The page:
ColumnJill Abramson, The New York Times’ top dog, and first female executive editor, was fired.
We should have seen this coming. Jill ABRAmson. Bra is right there in her name!
As the scandal started to unfold, it seemed like a clear case of sexism at work. The New Yorker reported that the trouble for Abramson may have escalated when she found out that her pay and her pension benefits as both executive editor and, before that, as managing editor, were less what her male predecessor received.
An associate told the magazine that when she spoke up, it reinforced her reputation as “pushy,” a term used almost exclusively to talk about women.
Issues surrounding “significant” pay discrepancy have been widely disputed by the Times, and the New Yorker has since updated its report. But, what we’re left with is another “pushy” broad pushed out of the C-suite. And, so far, that seems to be a story that’s sticking.
The Times reportedly wanted her departure to be less dramatic than it has been, but Abramson insisted they fire her — because that’s what was happening. It was the truth and she wanted the truth to be out there. Pushy indeed! Now, because of social media and Abramson’s daughter, #pushy is now a hashtag, joining the ranks of #BanBossy.
As the scheduled keynote speaker at Wake Forest University’s graduation this week, Abramson had to do something all editors are familiar with: a rewrite. According to the Washington Post, a Wake Forest official said the original draft of her speech focused on the importance of media freedom.
While I imagine she wasn’t conceptualizing her topic in this way, it’s interesting to think about media freedom in terms of her right as a woman leading her field to run her newsroom — hard-assed news guys are legendary — as she saw fit.
All of this has gotten me thinking about my own experience in various editorial settings. So, in solidarity with Jill Abramson and women everywhere, I offer you this list of four anecdotes from my professional life between 2000 and today to illustrate that shit like this happens to the Jills of the world, and also to the Libbys.
1. As the Editor-In-Chief of a magazine, I worked directly for the publisher. He referred to me exclusively as “Girl.” When we disagreed about something, he would say, “Girl, you’re a cunt.” Sweet, right?
2. I once received this unsolicited performance review from a superior at an office party: “It’s not you I don’t like, it’s your face.” My read on this was that it was a version of, “Why don’t you smile?” which is something I hate. I was part of an opinionated, smart leadership team — consisting mainly of men — and many of us were quick with an eyeroll. As far as I know, I was the only one made to justify my physical reactions to conflict.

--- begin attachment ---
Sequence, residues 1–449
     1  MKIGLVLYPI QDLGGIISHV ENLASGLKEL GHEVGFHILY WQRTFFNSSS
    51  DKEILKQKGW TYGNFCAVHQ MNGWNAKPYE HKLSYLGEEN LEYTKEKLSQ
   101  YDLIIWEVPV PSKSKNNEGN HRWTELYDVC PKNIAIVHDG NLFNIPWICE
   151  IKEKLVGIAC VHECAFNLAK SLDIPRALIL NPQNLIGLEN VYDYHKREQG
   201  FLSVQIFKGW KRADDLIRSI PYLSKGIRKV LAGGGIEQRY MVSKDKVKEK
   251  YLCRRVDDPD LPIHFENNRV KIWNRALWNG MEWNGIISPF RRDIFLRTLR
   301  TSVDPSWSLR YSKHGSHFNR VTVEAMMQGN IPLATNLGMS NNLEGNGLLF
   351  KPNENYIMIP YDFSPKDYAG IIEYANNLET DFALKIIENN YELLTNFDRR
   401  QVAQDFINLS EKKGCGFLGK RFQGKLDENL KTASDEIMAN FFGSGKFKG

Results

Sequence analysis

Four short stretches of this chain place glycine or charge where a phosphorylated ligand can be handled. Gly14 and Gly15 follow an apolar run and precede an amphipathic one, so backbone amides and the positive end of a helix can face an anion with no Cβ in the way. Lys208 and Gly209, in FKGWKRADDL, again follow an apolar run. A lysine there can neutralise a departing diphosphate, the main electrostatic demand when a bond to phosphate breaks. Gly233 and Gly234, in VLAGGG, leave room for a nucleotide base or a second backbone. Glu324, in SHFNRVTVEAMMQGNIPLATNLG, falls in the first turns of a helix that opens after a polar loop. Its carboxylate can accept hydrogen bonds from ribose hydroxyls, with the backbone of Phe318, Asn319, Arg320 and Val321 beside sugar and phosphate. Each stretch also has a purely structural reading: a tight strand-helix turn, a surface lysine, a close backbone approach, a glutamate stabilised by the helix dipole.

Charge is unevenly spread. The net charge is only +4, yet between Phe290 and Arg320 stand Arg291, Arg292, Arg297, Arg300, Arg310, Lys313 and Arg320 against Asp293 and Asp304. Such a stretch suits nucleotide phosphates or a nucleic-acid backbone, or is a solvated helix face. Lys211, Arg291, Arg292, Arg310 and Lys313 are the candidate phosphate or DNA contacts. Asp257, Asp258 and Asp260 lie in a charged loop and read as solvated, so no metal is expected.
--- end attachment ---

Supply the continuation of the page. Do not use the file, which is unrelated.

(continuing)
3. A publisher I worked for owed me three months’ pay. When I finally refused to stop working until I received said payment, he pointed out that the company wasn’t doing well and he had a wife and family to support. He kind of trailed off waiting for me, I think, to put my right to get paid to the side to support him in his plight as a big manly provider. This illustrates one of my favorite recurring sexism at work themes: the idea that women work for fun, not for money.
4. I worked for one media company where drinking heavily was just kind of what we all did on group outings. One night, I overheard a middle-aged male VP say this to a group of 20-something female employees: “I’m feeling kind of hand-jobby.”
What I learned from all of these experiences is that even when you’re working with primarily good people — which most of these guys actually were — gender bias sneaks in. In some cases, it punches you in the gut.
As leaders, we can’t laugh it off when we’re called a bitch for disagreeing with something, when we’re labeled as pushy or reprimanded for being too difficult.
When we are hired to lead, we must be allowed to be leaders.
I’m not an insider in the Jill Abramson scandal, and I am not saying that she was fired because she is a woman. I don’t know. But I do know that in her speech to the new graduates, her first public comment on her departure from the Times, she said to, “Show what you’re made of.”
Maybe her speech was actually about media freedom after all.
Related on EcoSalon